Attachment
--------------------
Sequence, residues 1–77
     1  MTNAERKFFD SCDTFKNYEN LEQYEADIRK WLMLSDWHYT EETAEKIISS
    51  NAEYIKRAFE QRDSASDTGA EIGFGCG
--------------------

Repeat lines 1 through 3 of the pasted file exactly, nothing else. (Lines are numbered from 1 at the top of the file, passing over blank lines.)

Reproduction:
Sequence, residues 1–77
     1  MTNAERKFFD SCDTFKNYEN LEQYEADIRK WLMLSDWHYT EETAEKIISS
    51  NAEYIKRAFE QRDSASDTGA EIGFGCG